Global Development and Environment Institute, Tufts University
GDAE Working Paper No. 07-01
Policy Space for Mexican Maize: Protecting Agro-biodiversity by Promoting Rural Livelihoods
Timothy A. Wise
Medford MA 02155, USA
Since the introduction of the North American Free Trade Agreement (NAFTA) in
1994, traditional maize farmers in Mexico have faced difficult economic conditions. In
barely more than a decade, as many as one million farmers may have abandoned their
land under economic pressure from rising imports, low prices for maize and other
traditional crops, weak local and regional demand, and large reductions in public sector
support for agriculture. The losses are environmental as well as economic. With the loss
of traditional maize, there has been a documented loss of the agricultural biodiversity of
which these farmers and their ancestors have been stewards for centuries. With maize
trade scheduled to be fully liberalized under NAFTA in 2008, many farm groups are
calling for a renegotiation of the treaty’s agricultural provisions to prevent further
damage. This policy analysis examines the room for alternative policies in Mexico under
existing economic and environmental agreements, including NAFTA. It finds that the Mexican government could, even without a renegotiation of parts of NAFTA:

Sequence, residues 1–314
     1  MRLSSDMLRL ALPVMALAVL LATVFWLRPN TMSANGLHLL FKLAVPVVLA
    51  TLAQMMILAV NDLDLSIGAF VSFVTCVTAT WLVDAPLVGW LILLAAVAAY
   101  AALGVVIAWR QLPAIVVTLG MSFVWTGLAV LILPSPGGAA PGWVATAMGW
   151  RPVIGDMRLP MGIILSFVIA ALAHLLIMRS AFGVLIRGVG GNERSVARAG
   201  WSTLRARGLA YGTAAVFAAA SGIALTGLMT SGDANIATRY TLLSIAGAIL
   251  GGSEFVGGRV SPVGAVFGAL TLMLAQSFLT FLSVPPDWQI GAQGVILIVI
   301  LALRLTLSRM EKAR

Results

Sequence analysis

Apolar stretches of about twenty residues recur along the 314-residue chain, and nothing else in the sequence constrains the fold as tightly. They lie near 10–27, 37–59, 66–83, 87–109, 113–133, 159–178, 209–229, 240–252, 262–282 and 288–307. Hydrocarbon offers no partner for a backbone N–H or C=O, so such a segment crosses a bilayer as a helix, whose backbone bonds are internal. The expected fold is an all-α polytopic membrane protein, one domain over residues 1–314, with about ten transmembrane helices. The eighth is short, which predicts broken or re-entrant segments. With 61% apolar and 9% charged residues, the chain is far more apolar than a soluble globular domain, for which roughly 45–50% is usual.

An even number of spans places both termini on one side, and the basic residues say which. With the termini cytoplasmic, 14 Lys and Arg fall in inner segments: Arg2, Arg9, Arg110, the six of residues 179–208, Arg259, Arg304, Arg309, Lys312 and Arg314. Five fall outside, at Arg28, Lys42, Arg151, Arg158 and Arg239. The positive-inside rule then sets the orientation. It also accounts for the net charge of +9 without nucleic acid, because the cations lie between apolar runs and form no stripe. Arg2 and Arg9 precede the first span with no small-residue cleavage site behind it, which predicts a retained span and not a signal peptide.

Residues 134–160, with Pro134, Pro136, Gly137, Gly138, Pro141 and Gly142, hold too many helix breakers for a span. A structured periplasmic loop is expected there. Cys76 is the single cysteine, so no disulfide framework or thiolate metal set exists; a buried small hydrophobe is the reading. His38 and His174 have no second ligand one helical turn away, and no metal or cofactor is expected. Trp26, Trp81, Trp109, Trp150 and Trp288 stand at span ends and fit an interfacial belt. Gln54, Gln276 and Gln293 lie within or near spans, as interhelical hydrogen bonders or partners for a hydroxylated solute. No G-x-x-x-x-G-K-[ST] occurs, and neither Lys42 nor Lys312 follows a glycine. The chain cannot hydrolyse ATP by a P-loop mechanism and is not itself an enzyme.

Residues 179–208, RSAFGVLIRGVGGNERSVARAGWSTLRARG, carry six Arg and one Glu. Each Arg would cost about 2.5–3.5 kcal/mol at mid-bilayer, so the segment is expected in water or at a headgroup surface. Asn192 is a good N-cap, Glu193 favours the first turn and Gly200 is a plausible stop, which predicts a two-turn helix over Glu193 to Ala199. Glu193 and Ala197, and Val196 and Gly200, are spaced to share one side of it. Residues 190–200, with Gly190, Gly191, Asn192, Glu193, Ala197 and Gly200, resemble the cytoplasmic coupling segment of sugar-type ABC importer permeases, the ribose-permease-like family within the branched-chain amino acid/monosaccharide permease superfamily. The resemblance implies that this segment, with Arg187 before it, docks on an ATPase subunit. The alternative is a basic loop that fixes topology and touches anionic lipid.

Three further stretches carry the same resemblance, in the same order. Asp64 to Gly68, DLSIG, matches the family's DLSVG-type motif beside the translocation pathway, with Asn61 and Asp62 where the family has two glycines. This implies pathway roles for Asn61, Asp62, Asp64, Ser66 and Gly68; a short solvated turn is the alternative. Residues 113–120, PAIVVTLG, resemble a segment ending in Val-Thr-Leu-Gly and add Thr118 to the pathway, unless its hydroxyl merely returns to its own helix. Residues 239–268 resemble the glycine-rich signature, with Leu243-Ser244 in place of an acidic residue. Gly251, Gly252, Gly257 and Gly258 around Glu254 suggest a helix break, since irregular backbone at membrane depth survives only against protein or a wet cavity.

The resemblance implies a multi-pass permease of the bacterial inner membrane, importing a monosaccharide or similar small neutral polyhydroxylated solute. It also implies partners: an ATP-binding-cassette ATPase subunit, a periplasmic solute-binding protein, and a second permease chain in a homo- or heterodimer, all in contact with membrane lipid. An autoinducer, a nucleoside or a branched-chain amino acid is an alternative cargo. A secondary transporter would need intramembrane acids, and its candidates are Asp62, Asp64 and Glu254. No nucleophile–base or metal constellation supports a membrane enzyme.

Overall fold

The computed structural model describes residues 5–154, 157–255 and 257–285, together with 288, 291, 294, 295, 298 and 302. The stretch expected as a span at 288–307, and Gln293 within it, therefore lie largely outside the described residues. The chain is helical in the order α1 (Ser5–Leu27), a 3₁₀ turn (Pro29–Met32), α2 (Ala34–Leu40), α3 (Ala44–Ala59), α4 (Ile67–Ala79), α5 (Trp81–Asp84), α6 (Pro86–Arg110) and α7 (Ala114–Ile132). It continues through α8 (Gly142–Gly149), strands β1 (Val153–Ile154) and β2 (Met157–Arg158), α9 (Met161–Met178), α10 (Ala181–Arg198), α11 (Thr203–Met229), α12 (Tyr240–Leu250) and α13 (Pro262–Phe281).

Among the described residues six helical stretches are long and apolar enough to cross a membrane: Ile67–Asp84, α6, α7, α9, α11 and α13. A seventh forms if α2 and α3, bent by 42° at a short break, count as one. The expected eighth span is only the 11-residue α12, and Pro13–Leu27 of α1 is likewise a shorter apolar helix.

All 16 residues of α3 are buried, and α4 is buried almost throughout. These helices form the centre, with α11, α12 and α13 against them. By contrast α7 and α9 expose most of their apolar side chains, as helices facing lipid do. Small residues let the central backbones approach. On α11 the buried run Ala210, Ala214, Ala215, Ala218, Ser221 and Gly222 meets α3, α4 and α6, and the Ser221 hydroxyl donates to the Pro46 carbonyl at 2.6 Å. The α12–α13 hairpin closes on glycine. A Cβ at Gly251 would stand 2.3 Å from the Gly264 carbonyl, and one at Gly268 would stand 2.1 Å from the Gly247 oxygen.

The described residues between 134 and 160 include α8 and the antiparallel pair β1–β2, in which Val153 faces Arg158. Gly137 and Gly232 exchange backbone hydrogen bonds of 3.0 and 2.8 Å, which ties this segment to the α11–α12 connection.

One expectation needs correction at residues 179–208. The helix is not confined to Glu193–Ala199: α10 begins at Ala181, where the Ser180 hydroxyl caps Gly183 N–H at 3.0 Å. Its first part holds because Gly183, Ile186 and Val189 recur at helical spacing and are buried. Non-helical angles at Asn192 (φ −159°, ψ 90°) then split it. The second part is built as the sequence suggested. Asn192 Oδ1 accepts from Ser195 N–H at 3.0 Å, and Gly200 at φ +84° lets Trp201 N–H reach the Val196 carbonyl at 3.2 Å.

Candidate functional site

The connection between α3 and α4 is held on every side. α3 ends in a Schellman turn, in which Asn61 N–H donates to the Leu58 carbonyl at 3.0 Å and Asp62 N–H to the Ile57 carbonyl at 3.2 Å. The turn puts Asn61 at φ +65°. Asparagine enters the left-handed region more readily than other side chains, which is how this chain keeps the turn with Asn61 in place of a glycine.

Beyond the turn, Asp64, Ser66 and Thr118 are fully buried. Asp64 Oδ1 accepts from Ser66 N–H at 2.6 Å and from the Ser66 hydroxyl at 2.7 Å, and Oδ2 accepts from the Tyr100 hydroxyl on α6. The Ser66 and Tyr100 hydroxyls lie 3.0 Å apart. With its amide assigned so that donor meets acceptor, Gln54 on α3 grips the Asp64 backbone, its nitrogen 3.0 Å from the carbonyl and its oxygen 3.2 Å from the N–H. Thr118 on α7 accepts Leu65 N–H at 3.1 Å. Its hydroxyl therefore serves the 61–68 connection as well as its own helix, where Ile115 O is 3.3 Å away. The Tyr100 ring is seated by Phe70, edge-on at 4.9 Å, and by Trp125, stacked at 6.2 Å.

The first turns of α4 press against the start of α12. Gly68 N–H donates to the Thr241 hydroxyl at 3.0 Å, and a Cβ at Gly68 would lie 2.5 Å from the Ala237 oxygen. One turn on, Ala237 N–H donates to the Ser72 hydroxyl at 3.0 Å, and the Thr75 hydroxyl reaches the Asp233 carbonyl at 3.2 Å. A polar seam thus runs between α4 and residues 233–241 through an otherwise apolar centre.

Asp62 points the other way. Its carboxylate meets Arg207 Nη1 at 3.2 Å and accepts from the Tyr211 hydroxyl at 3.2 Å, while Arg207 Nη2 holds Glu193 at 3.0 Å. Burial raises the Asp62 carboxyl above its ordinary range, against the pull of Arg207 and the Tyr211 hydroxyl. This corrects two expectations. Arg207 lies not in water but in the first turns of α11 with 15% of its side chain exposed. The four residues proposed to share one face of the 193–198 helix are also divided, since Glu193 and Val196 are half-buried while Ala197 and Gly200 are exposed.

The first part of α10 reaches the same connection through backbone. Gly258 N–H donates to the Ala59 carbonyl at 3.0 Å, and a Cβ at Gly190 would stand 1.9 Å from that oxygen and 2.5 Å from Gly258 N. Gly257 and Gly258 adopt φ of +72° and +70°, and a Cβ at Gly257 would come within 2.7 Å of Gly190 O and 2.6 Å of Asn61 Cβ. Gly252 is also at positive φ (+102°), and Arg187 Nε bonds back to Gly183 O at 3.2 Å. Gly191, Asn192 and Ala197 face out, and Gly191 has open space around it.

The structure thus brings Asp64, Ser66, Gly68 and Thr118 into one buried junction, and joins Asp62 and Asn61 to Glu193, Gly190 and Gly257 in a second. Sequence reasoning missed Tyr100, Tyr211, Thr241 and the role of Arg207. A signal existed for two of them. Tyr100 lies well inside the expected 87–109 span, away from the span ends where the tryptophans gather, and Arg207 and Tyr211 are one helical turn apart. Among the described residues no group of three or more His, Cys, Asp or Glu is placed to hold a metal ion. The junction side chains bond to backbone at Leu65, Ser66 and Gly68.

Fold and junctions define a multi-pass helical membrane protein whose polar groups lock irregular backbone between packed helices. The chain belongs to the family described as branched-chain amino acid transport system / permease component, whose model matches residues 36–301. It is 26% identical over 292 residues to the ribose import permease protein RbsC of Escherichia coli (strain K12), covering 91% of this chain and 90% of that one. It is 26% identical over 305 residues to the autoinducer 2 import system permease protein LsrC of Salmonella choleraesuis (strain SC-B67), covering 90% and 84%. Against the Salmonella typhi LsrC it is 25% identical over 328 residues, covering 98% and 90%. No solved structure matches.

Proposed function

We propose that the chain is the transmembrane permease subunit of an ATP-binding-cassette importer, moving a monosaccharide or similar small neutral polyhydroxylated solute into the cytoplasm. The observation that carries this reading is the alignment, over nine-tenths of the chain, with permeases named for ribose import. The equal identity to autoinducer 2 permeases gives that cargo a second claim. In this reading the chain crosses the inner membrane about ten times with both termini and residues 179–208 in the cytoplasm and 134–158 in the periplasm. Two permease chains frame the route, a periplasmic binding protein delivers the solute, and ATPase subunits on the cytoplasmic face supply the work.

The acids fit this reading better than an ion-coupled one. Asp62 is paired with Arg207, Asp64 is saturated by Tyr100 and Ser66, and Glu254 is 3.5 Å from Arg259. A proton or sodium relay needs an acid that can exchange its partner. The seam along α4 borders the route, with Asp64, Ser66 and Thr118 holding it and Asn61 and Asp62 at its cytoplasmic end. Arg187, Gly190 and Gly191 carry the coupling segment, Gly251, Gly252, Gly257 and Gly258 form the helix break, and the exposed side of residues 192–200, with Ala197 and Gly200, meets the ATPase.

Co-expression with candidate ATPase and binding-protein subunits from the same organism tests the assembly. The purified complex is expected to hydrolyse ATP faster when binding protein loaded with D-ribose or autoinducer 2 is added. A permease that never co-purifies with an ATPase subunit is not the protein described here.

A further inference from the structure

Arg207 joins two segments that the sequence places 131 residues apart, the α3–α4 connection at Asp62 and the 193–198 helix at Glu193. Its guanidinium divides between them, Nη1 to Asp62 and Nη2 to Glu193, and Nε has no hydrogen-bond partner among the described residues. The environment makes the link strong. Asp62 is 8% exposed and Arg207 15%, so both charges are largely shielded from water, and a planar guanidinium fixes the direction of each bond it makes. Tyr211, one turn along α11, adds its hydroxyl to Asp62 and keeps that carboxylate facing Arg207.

– Justify the imposition of protective tariffs as countervailing measures to counter high U.S. subsidies to its corn farmers.
– Expand its own government support for the maize sector, since its current support remains billions of dollars below the country’s allowable limits under the WTO.
– Use its participation in the Cartagena Protocol on Biosafety to restrict imports from the United States, which contain large quantities of genetically modified corn.
It concludes that
the Mexican government retains access to many useful policy instruments that could
promote rural livelihoods while arresting the losses of important maize diversity. What is
lacking is the political will to make use of them.
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